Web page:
CENTREVILLE, Va. — Editor's Note: The video above originally aired April 1, when the National Weather Service confirmed a separate tornado in Tysons Corner.
The National Weather Service confirmed a second tornado hit Virginia during Thursday's severe storms. An EF0 tornado was spotted in Centreville, Virginia on March 31, around 8:21 p.m. No injuries or deaths occurred, but several downed trees were reported as a result of the winds.
The tornado traveled 80 yards, near Cub Run Elementary School. Max winds reached 85 mph and the path width was 30 yards. This tornado was an EF0 on the Enhanced Fujita Scale. The NWS found approximately 15 pine trees were toppled or uprooted at the end of Batavia Drive.
On Friday, NWS confirmed that an EF0 tornado hit in Tysons Corner around 8:41 p.m. traveling 200 yards with max winds of 85 mph. A Sunoco gas station on Chain Bridge Road took quite a big hit from the storm. In terms of structural damage, the roof was tilted down on top of the building, and workers described hiding under the counter until it was safe to come out.
How Common Are Tornados in the DMV?
While tornados in the District itself and neighboring suburbs are rare, anecdotally it feels like we've been hearing more about tornado warnings as of late. In early July 2021, two tornadoes touched down in the D.C. metro region, according to the NWS. An EF0 tornado hit in D.C. while an EF1 touched down in Arlington. Max winds reached 80-90 mph, and thankfully no one was injured during either twister.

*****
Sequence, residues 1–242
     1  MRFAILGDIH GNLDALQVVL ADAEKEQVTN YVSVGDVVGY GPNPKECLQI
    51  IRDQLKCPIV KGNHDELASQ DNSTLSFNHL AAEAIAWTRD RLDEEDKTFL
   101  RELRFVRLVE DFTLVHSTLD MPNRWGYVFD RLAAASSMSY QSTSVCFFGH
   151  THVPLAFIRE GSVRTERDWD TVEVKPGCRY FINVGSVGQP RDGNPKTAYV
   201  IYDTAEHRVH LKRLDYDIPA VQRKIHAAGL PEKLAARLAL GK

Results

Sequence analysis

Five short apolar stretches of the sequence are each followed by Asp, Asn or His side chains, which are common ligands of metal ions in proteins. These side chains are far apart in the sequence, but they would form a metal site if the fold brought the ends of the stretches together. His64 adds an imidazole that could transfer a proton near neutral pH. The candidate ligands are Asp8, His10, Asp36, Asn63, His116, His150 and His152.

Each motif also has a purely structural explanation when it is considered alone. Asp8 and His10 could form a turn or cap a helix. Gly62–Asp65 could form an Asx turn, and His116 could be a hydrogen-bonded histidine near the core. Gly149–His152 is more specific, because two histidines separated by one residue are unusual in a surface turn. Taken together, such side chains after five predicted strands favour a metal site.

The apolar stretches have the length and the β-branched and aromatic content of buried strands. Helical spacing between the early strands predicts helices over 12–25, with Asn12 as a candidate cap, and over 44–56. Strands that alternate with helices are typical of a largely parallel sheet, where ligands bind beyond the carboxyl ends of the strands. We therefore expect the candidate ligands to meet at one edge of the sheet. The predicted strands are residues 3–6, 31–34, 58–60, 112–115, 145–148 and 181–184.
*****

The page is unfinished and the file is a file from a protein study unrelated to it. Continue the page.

The July 1 tornado was only the sixth time in 17 years that a tornado warning including the District proper was issued, according to records kept by Iowa State University. From 2005 - 2021, 436 tornado warnings were issued across the DMV, but only six included the District itself.
According to data from the National Weather Service Storm Prediction Center and the Midwestern Regional Climate Center, only three tornadoes above an F0 magnitude have touched down inside the boundaries of Washington, D.C., in the past 50 years – and two of them happened on the same day in 2001.
RELATED: How common are tornadoes in the DMV?
On Sept. 24, 2001, three tornadoes touched ground in D.C. – marking the single most active day of tornadic activity in at least half a century. On that day, an F0, F1 and an F3 tornado hit the District proper, resulting in 57 injuries and two deaths.
Nine tornadoes touched down in the DMV as a whole that day, including an F4 that traveled for 10 miles through Culpeper and Fauquier counties. The damage total of the entire outbreak was estimated at more than $100 million.
What Does NWS Look For To Determine a Tornado?
First, the funnel cloud must have contact with the ground for it to be officially declared a tornado. Trained professionals are also looking for debris to be flying around the bottom of the funnel cloud.
Tornadic winds also leave a pattern of damage, because it's a rotating column of air. As it moves through, it does not produce wind speeds or wind direction evenly as it rolls across a neighborhood. So instead of trees falling in the same direction, they fall in opposite directions. Thus, what's referred to as "circular damage" is a telltale sign of a tornado.
How to Prepare For a Tornado
Have a way to get weather information. Click here to download the WUSA9 App. Be sure you enable location and notification services so we can let you know if there is significant weather in your area. Bring in any outdoor decorations you have up, bring in or tie down your patio furniture, and secure your trash cans to prepare for the winds.
If a tornado warning has been issued for your area, you should take cover immediately. The general rule for tornado safety is go low and stay low, which means go to the lowest level of whatever building you are in, away from windows and crouch in a low position with your head covered.